Fukushima Daiichi

The Barakah Plant and Post-Fukushima Safety Enhancements

The accident at Japan’s Fukushima Daiichi plant in March 2011 had repercussions for the global nuclear energy industry. At the time of the accident, the Barakah Nuclear Energy Plant was in the phase of conducting preparatory works at the site, with the establishment of the infrastructure needed to begin construction of the first unit. This followed an extensive siting process through the International Atomic Energy Agency’s (IAEA) Siting and External Events Design (SEED) review to identify a location based on its favorable geography and seismic history. ENEC had submitted the Construction License Application for Units 1&2 in December 2010, and it was under review by the Federal Authority for Nuclear Regulation (FANR).


What happened at Fukushima?

The accident at the Fukushima Daiichi nuclear plant, on Japan’s eastern coast, occurred as a result of the Great East Japan Earthquake which took place on 11 March 2011. The earthquake had a magnitude of 9.0 and caused a tsunami which struck the coast of Japan, including the Fukushima Daiichi plant. Units 1, 2 and 3 overheated and suffered core meltdowns, followed by a release of hydrogen inside the containment buildings leading to explosions inside the containment buildings of Units 1, 3 and 4. The IAEA released a report on The Fukushima Daiichi Accident in 2015 with all relevant details. The report highlights that the units overheated because the tsunami caused flooding in the area of the plant where the back-up generators were located, rendering them unable to restore power to maintain the cooling of the reactors.

Three TEPCO employees at the Fukushima Daiichi plant were sadly killed directly by the earthquake and tsunami, but there have been no fatalities as a result of the nuclear accident.

The animation below depicts these events:


What was the effect on the Barakah plant?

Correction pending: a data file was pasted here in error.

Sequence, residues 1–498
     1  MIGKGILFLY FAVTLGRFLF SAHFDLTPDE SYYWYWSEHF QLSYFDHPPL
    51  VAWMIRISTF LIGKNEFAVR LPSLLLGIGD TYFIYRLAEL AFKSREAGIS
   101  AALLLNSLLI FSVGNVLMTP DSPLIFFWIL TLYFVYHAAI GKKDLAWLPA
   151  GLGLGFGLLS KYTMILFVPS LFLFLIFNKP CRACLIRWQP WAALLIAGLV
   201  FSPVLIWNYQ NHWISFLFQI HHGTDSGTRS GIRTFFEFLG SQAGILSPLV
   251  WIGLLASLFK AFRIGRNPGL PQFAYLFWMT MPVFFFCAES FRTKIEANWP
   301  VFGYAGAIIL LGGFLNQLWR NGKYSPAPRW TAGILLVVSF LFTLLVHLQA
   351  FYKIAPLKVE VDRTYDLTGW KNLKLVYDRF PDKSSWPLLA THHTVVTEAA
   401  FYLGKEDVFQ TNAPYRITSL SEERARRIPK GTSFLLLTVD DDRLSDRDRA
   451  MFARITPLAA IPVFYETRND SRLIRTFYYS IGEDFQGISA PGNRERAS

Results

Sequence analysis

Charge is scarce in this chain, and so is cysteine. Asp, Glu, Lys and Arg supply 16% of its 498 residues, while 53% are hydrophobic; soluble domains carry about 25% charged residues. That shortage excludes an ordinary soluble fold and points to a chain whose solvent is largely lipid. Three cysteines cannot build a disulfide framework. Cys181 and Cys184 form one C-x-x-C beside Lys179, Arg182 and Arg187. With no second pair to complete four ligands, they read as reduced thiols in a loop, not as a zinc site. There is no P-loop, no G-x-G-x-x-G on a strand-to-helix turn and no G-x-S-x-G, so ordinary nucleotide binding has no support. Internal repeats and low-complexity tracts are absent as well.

Following the requests of nuclear regulators, ENEC joined nuclear operators from around the world to conduct extensive reviews of their plant designs, especially in terms of severe natural hazards beyond those the plant was designed to withstand. Over the course of nine months, ENEC conducted a comprehensive safety design review, which was submitted to FANR in December 2011 and reviewed as part of the Construction License Application.

Our review showed a high level of plant robustness against natural hazards or loss of electrical power to the site, and for the management of severe accidents.

The animation below shows the safety-related aspects of the APR1400 design at the Barakah plant. In the highly unlikely event of an earthquake and tsunami in the Arabian Gulf, the plant’s modern and robust safety systems ensure that a Fukushima-type event cannot take place in the UAE.


Has ENEC taken any further measures?

The assessment found no design deficiencies for the APR1400 and the Barakah site. However, ENEC took the opportunity to propose a number of design enhancements for further improvement of plant safety margins before construction of the plant had even begun.

We proposed a number of modifications that would allow plant operators additional methods to further mitigate a number of scenarios including earthquakes, tsunamis, fires, station blackouts and severe accidents. FANR approved 20 design changes for the Barakah plant to further enhance safety and fulfil the latest requirements for earthquake and tsunami safety, as well as aircraft impact resistance.

The basis of these enhancements is our fundamental commitment to the continual evaluation and enhancement of our safety standards by drawing from industry best practices and the lessons learned from nuclear energy operators around the world. The reactor design selected for Barakah – KEPCO’s APR 1400 – was developed and enhanced over 30 years, and achieves the highest industry standards in terms of safety, operational performance, environmental impact and operating life. The APR1400 was certified and licensed by the US Nuclear Regulatory Commission (NRC) on 1 May 2019.

For example, we have a number of back-up power options in the event we lose power on site. One of these back-up power supplies is the AAC diesel generator. In our original design the system could run for up to 8 hours before needing more fuel. With our revised design, the fuel lasts up to 24 hours to ensure cooling availability while alternate sources of power are connected.